From America’s first steam ferry and commuter trains in the 19th Century to the pathbreaking new technologies and solutions created by students and faculty – making things has always been part of Stevens Institute of Technology’s history. This spring, with the newly launched MakerCenter, the tradition of making at Stevens continues.
The MakerCenter is the Stevens design hub – a collective of spaces and labs for Stevens students and researchers to collaborate and build their latest innovations. The MakerCenter facilities and services are made up of the previously existing Prototype Object Fabrication (ProOF) Lab where students can work with staff members to fabricate parts, the new Quantum Space where students can learn about quantum engineering and test their quantum devices, and the newly dubbed MakerSpace, which provides tools and equipment for students to design and build their own prototypes. The facility also houses machining, electronics, and welding services.
The new collection of spaces provides the Stevens community with the facilities and tools needed to explore, design, and engineer new technologies and innovations.
“The Maker Center provides flexible space, necessary tools, and training [for students and faculty] to assemble and test their designs. Together with other resources, students are able to design and realize complex systems as part of their academic work or academic entrepreneurship,” said Kishore Pochiraju, professor and associate dean for undergraduate studies, Department of Mechanical Engineering, who also directs the ProOF lab.
The MakerSpace is housed in the ABS R – 104 Collaborative Design and Prototyping Lab. Stevens undergraduates, graduate students, faculty and staff, part-time and full-time, are eligible for access to the MakerSpace.
The sound of innovation and collaboration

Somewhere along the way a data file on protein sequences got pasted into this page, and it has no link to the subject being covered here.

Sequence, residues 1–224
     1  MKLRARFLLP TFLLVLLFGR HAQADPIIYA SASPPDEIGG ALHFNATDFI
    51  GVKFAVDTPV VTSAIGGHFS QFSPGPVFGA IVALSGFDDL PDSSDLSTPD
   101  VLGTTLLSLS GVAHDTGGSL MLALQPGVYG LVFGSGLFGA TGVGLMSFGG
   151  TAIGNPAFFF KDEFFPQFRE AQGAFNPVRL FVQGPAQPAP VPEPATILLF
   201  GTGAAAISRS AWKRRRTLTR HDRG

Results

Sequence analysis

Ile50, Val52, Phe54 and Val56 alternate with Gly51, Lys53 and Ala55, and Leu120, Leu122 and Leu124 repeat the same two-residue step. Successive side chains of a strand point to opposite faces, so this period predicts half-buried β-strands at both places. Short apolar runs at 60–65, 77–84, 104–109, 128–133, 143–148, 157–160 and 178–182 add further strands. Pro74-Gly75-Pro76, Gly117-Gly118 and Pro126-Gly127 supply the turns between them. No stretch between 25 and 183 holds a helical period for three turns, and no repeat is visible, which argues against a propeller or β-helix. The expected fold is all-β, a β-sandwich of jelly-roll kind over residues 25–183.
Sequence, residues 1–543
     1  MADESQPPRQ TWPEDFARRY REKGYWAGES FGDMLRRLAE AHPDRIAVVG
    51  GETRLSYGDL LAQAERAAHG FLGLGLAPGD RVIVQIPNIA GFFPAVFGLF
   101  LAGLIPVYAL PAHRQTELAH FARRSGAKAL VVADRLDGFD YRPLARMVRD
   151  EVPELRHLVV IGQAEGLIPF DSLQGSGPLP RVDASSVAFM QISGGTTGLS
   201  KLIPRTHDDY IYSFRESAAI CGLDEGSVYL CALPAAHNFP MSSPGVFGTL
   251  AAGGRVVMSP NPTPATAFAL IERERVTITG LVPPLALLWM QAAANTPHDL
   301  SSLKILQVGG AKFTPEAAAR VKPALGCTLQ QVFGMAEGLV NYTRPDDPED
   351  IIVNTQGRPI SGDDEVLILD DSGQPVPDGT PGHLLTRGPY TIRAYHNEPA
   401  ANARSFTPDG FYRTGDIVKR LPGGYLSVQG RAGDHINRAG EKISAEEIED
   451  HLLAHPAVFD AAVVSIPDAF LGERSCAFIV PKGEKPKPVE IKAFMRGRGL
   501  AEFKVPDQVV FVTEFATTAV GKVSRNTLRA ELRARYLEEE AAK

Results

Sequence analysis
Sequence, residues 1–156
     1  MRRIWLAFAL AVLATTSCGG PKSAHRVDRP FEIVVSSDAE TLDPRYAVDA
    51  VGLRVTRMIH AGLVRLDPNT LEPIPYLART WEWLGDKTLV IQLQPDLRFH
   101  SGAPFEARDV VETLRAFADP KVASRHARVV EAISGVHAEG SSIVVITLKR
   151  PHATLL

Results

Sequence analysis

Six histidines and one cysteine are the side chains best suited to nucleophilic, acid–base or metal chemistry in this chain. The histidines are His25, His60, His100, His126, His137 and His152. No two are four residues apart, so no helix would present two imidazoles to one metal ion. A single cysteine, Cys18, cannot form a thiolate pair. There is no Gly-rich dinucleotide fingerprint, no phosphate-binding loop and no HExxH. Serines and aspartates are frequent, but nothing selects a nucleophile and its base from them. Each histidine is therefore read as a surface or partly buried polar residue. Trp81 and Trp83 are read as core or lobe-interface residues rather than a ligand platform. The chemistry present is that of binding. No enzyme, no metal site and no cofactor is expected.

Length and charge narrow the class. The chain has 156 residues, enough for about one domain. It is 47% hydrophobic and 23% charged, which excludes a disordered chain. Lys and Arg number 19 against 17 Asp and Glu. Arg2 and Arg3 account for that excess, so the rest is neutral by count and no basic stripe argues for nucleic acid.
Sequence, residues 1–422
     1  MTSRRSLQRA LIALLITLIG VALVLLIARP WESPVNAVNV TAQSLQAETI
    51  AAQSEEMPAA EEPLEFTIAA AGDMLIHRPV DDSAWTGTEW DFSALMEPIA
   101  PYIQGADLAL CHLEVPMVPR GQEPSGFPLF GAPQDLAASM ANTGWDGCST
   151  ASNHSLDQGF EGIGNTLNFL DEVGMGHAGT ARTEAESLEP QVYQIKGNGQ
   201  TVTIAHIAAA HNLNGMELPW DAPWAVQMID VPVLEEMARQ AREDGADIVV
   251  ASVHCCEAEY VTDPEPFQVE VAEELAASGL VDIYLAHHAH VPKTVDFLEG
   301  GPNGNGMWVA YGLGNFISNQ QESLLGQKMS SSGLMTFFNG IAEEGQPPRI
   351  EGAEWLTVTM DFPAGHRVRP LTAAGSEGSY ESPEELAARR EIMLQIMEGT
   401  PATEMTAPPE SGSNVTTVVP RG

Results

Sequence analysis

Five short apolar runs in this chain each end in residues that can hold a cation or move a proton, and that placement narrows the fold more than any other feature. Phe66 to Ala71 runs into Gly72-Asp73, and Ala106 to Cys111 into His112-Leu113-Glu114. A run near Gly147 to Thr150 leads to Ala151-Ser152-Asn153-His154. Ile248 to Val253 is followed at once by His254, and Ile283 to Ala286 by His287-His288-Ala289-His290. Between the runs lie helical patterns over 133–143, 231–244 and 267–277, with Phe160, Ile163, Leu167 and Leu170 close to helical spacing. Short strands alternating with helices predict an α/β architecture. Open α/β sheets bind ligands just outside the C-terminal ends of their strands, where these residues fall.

Amid the sounds of hand and power tools drilling fasteners, nuts and bolts, and the clanging of metal at the ABS Engineering Center at Stevens, you may find students and faculty getting their hands dirty designing and making something innovative.
There, at the new MakerSpace, members of the Stevens academic community are also putting their engineering knowledge to work. And if you listen closely, you may even hear the sounds of collaboration.
“The MakerSpace is a gathering point connecting communities of new and experienced makers to work on real and personally meaningful projects,” said Paul McClelland, technical services center manager at Stevens’ Schaefer School of Engineering & Science.
In addition to facilitating connections, the MakerSpace also helps meet the increasing demand for hands-on learning opportunities on campus. This soup-to-nuts community space encourages creative learning and helps to reinforce the engineering concepts and skills discussed in the classroom.
“The MakerSpace helps students engage in reality where the student’s design goes from concept to a working prototype,” said McClelland. “It helps students focus on the details that are involved when specifying an actual prototype.”
A place for creativity and innovative ideas
Makerspaces foster innovation and creativity and provide opportunities for collaborative work and problem-solving. Whether someone dreams of making a prototype of the next engineering marvel or wants to tinker with all types of tools to get inspired, ideas can come to life at Stevens’ MakerSpace.
The MakerSpace increases access to resources, such as materials, equipment and tools for fabrication and measurement, allowing members of the Stevens community to create, explore and drive their ideas toward realization.
McClelland explained that automated tool cabinets offer a full complement of hand and power tools, electronic tools, and metrology (measurement) tools. Additional resources include an electronics bench, soldering and electronic assembly capabilities, standard and metric, thread gages, tap and die sets, and commonly used fasteners, nuts, bolts and washers.
A complete list of tools and equipment is available on the MakerSpace tools page.
Expert support available onsite
Trained support staff can help guide students and faculty on the safe and proper way to use the technologies and traditional tools and equipment available at MakerSpace.
Onsite mentors and experts are also available to support most types of research projects, including class and senior projects involving prototyping and manufacturing. Training materials and videos are also available on the MakerSpace training page.
The MakerSpace follows complete COVID-19 protocols and safety measures per Stevens’ guidelines. Anyone entering the MakerSpace is asked to log in and out via QR code on their smartphone at the bench and seat that they intend to occupy during their visit. This provides the staff the ability to do contract tracing in the case of an outbreak and track usage trends. The MakerSpace also provides face masks, sanitary wipes, and gloves. Bench seating is limited to 50% and seating is swapped between sessions.
Visit the MakerSpace page for information about access, guidelines and policies.